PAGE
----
Sunday, September 22, 2013

The Action Plan

One very useful tool in overcoming inertia is an action plan.  This has been given a hundred names (one of them – the First 100 Days – might almost be said to have become institutionalized among politicians).  But the idea is useful as something to grab the imagination of all involved and jump-start the organization (company, crew, city, state, country, etc.) as it moves in a new direction.

In simple terms, the action plan is nothing more than the translation of the strategic plan into specific actions for each department or division or section of the organization.  And constructing an action plan is actually fairly simple, except for one thing: it requires hard decisions.

Imagine a large industrial firm with a good deal of competition.  For the sake of the discussion it might have the following major departments

And one other division: Plans (and Competitive Analysis)

The strategic plan being complete – and specific timelines identified, each department is now given individual goals.  This should be done as a round-table effort between the executive and the department heads – mixing aggressive performance and wisdom – moving fast, but not too fast, balancing the entire organization so that one department doesn’t move too quickly or too slowly relative to the others.

With various time lines or performance gates clearly established, each department now identifies what they need: in personnel (specific types (engineers, architects, welders, drivers, carpenters, secretaries, etc.)) and levels of experience, and specific training – for each location of the organization); what types of equipment, what types of facilities, how much additional money, IT support, etc.

It is during these sessions – at which the Boss (be he the Chairman, President, CEO or whatever other title is used – the Boss is whoever gets to actually make binding decisions) must make the final decision on who will do what, when.  As each department presents its proposed timelines and requirements (in manpower, material, etc.) the Boss needs to make the final call that will bring everyone into a coherent package – that makes it a team solution, while providing the details that turns the strategic plan into specific tasks for each department.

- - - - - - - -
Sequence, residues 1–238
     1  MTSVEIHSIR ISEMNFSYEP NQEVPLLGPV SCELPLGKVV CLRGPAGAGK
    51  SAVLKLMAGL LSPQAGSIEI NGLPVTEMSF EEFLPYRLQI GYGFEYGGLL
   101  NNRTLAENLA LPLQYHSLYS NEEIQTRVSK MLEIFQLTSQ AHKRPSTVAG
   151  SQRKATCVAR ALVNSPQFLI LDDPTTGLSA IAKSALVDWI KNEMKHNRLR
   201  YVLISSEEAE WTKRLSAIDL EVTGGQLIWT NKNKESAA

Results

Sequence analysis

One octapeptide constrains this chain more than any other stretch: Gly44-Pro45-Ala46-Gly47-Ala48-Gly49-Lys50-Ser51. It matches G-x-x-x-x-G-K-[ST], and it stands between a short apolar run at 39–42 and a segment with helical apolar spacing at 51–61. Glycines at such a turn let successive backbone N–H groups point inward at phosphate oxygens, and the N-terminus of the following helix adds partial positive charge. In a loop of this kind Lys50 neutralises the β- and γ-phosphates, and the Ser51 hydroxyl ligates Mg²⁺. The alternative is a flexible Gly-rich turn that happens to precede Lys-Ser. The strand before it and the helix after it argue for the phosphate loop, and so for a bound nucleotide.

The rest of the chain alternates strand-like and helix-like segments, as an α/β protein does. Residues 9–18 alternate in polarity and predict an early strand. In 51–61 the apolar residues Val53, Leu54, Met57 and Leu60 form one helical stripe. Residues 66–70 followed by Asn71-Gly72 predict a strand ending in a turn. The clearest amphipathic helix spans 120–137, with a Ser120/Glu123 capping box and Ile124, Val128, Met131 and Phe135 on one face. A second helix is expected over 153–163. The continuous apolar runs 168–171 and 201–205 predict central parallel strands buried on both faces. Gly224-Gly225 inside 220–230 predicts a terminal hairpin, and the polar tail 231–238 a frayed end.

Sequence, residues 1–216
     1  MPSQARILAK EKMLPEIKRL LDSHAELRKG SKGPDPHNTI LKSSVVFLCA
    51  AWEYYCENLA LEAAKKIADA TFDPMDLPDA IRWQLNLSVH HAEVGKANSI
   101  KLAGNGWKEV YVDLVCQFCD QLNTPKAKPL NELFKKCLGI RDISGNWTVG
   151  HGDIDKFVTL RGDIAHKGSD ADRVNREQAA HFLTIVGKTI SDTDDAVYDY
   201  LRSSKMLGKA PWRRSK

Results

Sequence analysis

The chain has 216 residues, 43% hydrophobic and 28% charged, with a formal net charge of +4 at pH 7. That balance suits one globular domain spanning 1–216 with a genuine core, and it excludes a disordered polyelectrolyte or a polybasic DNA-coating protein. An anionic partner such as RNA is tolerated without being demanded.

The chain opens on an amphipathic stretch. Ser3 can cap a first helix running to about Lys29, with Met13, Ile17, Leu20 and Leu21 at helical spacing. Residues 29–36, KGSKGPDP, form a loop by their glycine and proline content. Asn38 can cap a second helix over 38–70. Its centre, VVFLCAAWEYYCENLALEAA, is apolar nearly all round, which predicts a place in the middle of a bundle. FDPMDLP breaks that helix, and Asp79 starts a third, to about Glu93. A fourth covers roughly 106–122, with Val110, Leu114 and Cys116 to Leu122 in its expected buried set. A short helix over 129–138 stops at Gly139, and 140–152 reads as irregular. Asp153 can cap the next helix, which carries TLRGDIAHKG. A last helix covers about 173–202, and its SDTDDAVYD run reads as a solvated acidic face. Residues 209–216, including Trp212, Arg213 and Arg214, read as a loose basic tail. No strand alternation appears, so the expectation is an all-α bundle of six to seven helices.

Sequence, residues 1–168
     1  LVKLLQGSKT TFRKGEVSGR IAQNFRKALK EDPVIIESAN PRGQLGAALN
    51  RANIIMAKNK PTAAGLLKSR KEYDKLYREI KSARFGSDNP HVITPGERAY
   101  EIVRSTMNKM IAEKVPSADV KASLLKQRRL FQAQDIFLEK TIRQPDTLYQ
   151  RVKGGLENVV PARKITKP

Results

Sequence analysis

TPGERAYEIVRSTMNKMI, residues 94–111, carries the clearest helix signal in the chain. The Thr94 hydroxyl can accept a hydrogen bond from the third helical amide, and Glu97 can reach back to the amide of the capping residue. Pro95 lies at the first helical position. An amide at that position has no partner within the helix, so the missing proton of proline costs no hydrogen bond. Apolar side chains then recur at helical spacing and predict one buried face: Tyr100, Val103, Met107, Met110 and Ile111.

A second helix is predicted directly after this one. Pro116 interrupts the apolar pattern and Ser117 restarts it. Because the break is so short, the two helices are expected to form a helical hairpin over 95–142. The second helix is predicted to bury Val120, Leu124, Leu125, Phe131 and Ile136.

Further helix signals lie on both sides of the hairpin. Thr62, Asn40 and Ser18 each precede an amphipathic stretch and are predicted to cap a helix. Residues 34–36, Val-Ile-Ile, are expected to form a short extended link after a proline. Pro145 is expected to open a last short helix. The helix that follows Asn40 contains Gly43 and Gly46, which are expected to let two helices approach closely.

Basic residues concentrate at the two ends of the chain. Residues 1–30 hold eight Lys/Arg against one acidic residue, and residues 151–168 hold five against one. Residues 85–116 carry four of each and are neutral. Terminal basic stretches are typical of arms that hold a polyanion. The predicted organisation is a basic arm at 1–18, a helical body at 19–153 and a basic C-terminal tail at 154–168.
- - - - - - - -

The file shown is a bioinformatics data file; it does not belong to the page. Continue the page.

It is during thing development that each department will establish performance standards – metrics – by which progress will be measured.  These too are presented to the Boss for his final approval.

Each department then will spend a few days – at most several weeks – developing the individual tasks for each office in that department – within the assigned timelines.  These are presented to the Boss – and once approved, these are compiled by the planning team and become ‘the Action Plan.’

The one element that needs to be mentioned it the Planning Team, which also takes on the role of the Competitive analysis team; simply put, their job is to watch the competition and to watch the market place and to ensure that as the plan is developed and implemented that it remains relevant to what is going on in the world around you.  That is a huge task stated in a single sentence, which is why your brightest people need to be on your planning team.

Finally, all this is then packaged into a presentation to the entire organization – giving everyone an overview of each of the steps being taken by each department, and an overall review of the goals and plans of the organization as a whole.  Then, unless you are in a fairly small organization, each department will break off and present to its people their specific departmental action plan.

And once that is done, as soon as is humanly possible – Begin!  Do not hesitate, sooner is better than later.  One final word of advice: place some ‘low hanging fruit’ in the plan for the first 30 or 60 or 90 days, things that can be done that are only moderately difficult, so that each department can show progress; establishing and maintaining enthusiasm in the initial phase of the plan is essential for success.


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